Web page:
The University of Queensland (UQ) in Australia has laid claim to a renewable energy first. Not just first in the state of Queensland, or the nation of Australia—but reportedly first in the world. Since the opening of the US$90 million (AU$ 125 million) 64MW Warwick Solar Farm, UQ is held to be the first major university in the world to draw all the power required for its daily operations from renewable energy sources alone.

This project is a fantastic achievement for this institution, and a further illustration of the immense potential that exists for universities to be leaders in the growth of solar energy generally. Especially as although UQ’s achievement is outstanding in its own right, there are also numerous other educational institutions that have made solid inroads in this space, and collectively serve to showcase the rich diversity of possibilities on offer in this arena for other universities looking to commit to a substantial solar project.

UQ Vice-Chancellor and Government Ministers at the Warwick Solar Farm
Photo: The University of Queensland

More Solar in the Sunshine State

The northeastern Australian state of Queensland is seen as a very promising destination for growing Australia’s solar capacity. As a state with a landmass of 1.853 million km², there are of course many variables from one length of its border to the next. Yet the fact its capital city Brisbane—located around just 100kms from Queensland’s southernmost border and only around 70kms from the Gold Coast, the state’s second-biggest city—regularly ranks among the sunniest capital cities in Australia illustrates the potential for solar to boom among the state capital and many other regions in the years ahead.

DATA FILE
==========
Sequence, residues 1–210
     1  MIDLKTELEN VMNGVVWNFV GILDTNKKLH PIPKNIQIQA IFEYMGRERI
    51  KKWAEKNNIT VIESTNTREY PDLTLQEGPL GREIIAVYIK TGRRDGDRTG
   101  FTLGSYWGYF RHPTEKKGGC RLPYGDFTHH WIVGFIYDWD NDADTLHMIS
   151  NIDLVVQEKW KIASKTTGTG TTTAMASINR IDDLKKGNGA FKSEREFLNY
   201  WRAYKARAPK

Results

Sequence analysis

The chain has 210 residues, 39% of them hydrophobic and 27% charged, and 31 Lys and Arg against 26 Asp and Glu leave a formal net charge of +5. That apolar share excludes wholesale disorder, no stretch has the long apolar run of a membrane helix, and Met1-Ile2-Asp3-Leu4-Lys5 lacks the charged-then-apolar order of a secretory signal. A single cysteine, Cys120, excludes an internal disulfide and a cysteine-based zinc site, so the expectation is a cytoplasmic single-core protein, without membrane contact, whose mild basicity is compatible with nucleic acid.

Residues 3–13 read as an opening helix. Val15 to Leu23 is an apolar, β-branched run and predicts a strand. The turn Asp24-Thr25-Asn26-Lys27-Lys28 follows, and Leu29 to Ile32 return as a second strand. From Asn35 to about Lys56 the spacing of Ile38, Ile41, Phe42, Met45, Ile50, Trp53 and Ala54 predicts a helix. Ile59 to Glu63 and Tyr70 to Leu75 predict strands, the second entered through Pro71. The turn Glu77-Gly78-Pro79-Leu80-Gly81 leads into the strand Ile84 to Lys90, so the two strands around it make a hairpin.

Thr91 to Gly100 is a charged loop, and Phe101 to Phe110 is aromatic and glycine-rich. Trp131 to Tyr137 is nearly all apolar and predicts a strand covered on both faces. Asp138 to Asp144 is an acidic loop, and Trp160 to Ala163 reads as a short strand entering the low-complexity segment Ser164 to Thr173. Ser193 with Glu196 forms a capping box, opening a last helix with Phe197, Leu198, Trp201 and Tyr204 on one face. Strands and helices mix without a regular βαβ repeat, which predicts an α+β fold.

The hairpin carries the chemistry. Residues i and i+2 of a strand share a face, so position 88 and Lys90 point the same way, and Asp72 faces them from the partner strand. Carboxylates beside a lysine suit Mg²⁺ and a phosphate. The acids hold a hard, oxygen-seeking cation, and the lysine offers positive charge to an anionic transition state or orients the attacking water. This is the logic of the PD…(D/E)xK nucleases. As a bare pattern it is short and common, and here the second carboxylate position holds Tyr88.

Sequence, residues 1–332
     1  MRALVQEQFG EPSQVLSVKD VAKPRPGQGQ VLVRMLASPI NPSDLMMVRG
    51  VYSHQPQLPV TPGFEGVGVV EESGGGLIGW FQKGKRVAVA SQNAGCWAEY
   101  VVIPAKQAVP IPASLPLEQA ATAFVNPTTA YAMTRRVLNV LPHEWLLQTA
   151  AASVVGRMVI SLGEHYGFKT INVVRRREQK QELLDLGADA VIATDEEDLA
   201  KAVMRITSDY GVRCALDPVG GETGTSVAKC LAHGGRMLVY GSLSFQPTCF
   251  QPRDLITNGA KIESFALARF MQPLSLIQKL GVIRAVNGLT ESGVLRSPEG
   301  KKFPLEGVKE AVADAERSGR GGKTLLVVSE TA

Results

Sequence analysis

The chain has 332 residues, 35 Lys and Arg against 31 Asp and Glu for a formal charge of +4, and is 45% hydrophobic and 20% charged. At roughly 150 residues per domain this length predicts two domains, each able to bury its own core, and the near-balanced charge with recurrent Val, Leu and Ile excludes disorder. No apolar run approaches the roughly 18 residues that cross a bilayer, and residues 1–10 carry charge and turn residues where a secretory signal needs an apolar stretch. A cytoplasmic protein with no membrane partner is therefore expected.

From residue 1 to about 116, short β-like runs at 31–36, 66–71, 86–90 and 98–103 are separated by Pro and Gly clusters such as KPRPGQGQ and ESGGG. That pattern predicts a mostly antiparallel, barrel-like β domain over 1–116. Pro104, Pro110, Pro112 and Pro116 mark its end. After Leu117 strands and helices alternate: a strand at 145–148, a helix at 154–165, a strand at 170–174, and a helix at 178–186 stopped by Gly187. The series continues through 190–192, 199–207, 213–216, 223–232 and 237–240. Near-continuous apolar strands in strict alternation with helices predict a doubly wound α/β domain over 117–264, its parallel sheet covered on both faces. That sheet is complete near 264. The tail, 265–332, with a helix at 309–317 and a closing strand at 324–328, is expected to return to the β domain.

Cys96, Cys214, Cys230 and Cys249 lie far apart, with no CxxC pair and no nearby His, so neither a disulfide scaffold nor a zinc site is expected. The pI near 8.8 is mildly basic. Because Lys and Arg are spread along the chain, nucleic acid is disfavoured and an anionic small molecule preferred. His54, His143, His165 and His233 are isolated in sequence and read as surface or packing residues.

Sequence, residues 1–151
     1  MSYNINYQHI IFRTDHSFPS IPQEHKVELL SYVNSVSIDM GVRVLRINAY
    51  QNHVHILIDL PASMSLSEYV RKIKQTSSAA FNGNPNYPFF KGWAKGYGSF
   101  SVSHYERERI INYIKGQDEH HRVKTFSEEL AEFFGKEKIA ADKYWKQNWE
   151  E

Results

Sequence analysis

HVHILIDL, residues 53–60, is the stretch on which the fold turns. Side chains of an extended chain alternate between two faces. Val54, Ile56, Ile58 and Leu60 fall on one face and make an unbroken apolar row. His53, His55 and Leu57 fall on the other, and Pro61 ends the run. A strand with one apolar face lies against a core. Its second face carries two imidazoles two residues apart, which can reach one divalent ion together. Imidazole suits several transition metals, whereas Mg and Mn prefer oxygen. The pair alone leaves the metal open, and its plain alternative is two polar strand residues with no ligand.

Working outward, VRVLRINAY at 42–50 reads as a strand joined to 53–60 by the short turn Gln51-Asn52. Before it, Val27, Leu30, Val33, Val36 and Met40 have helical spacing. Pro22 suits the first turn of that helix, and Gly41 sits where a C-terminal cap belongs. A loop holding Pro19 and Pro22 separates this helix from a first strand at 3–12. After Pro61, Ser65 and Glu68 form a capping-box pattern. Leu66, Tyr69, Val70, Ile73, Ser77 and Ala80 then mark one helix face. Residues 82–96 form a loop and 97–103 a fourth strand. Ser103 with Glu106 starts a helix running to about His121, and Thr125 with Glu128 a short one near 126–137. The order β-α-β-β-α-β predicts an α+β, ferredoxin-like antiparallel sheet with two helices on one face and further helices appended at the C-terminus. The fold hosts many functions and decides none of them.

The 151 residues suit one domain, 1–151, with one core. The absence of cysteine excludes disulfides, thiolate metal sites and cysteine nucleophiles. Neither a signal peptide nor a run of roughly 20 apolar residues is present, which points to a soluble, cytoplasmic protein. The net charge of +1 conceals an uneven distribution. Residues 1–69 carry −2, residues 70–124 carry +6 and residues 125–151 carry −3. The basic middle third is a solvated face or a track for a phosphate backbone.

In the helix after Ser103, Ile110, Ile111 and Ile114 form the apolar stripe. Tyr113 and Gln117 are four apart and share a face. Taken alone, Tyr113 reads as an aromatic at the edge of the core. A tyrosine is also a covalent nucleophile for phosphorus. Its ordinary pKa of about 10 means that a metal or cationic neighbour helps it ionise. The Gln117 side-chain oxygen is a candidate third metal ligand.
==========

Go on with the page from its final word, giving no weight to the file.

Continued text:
What’s more, recent years have seen Queensland enjoying robust growth in its population and economy. Like essentially every other jurisdiction in the world, the impact of coronavirus has stalled this temporarily, but there’s every expectation the state will see a return to this enviable economic form in years ahead. Meanwhile, as of July this year, it’s held the state now has 6,600MW of large-scale renewable generation that is already operational or committed.

Grading the Work

The Warwick Solar Farm is actually two separate but identical solar plants residing on the same (adjacent) site. Each farm has the capacity for a power transfer capability of 32.1MW, and is connected to a 33kV network at the Warwick Bulk Supply Point substation, with the expectation it shall generate around 160,000 MWh per annum—estimated to be sufficient to power 27,000 homes.

Although by no measure is US$90 million small change, the cost-efficiency aspects of the farm are also tremendous. Any excess energy that the farm generates will be sold into the National Electricity Market. Because of the sheer size of Warwick, it is expected this excess energy will aid in putting downward pressure on wholesale energy prices. Ensuring the benefits of Warwick’s operations extend far beyond UQ’s grid activity alone.

Local Project, Global Impact

For then-UQ Vice-Chancellor and President Professor Peter Høj AC, this project showed UQ leadership across the Australian and global education community.

This isn’t just an economic choice; industry and government look to us for expertise and leadership in renewable technologies and this asset will support a wide range of current and emerging research and industry partnerships across a broad array of disciplines. The generation profile of the solar farm provides an ideal opportunity for piloting emerging battery energy storage or hydrogen conversion technologies.

—said Vice-Chancellor Høj.

In turn, that “it will keep our teaching and research at the forefront of the booming renewables industries, aided by the University’s own large operational investments into sustainable engineering technologies over the past decade or more.”

“When it comes to climate change, we all share the responsibility and the consequences, and so we need to be acting in a way that is informed by research and with collaboration in mind”, said Vice-Chancellor Høj.